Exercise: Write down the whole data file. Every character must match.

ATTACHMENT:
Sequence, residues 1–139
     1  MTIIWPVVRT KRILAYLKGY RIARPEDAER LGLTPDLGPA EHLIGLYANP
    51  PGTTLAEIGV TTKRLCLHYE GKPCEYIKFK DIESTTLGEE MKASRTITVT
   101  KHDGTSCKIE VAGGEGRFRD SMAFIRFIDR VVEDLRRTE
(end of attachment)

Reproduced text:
Sequence, residues 1–139
     1  MTIIWPVVRT KRILAYLKGY RIARPEDAER LGLTPDLGPA EHLIGLYANP
    51  PGTTLAEIGV TTKRLCLHYE GKPCEYIKFK DIESTTLGEE MKASRTITVT
   101  KHDGTSCKIE VAGGEGRFRD SMAFIRFIDR VVEDLRRTE